Business Formation in Northwest Oregon

by Erik Knoder

February 7, 2019

The other services industry is often the forgotten stepchild of labor market data, but it has been the driving force behind business formation in Northwest Oregon for the past 16 years. From 2001 through 2017 the other services industry did, in fact, account for 49 percent of growth (+639) in employer worksites in Northwest Oregon. The catch is that most of this growth was in private households. The other services industry also includes repair, beauty, and laundry businesses; and religious and civic organizations.

Private households alone accounted for 44 percent of the growth in employer worksites. Although some of this growth is from households hiring cooks or gardeners, it appears that much of it resulted from an increase in the number of personal support workers. These workers help children and adults with intellectual or developmental disabilities and adults experiencing mental illness. In 2000, Oregon created the Home Care Commission to help provide homecare to seniors and people with disabilities. The expansion of this program appears to be a major factor in increasing the number of household employers in the state.

Business formation increased rapidly during the construction boom from 2004 through 2007. The number of worksites declined during the Great Recession, then climbed again as the recovery took hold in 2013. Although the Great Recession ended nationally in 2009, the employment recovery occurred several years later in most of Northwest Oregon. From 2007 to 2012 the number of worksites dropped 2 percent in Northwest Oregon. Employment dropped 1 percent over the same years, suggesting that smaller employers may have closed shop more frequently than larger ones.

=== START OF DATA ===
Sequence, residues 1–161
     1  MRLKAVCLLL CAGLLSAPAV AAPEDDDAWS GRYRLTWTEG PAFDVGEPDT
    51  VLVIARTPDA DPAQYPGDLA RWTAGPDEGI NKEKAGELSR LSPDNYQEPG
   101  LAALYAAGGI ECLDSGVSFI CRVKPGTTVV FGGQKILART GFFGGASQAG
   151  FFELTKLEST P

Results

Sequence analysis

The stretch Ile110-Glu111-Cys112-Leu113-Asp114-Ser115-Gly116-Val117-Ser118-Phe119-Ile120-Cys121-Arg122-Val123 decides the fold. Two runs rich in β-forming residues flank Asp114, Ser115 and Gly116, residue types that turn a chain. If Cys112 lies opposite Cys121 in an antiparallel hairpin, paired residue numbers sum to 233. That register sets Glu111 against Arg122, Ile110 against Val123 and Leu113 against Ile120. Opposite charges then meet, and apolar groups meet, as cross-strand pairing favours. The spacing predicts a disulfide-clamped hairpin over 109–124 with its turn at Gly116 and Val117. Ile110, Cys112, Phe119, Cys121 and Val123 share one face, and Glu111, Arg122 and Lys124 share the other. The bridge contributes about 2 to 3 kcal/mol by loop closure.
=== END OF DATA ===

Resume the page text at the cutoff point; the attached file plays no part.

Although no other industry came close to other services’ share of growth, the professional, scientific, and technical services industry accounted for 14 percent of the growth in worksites. Healthcare and social assistance and accommodation and food services each contributed 13 percent of the growth in the number of worksites.

Four industries – agriculture, construction, manufacturing, and retail trade – had a decline in their number of worksites from 2001 through 2017, though these declines were small. The construction industry had the largest decline with a loss of 52 worksites (-4%).

Business formation varied by county from 2001 through 2017. Benton County, as befitting its metro area status, added 535 employer worksites, which accounted for 41 percent of the total. Columbia County added 280 worksites, Clatsop County contributed 207, Lincoln County grew by 152, and Tillamook County, with the smallest economy in the region, chipped in 119 worksites.

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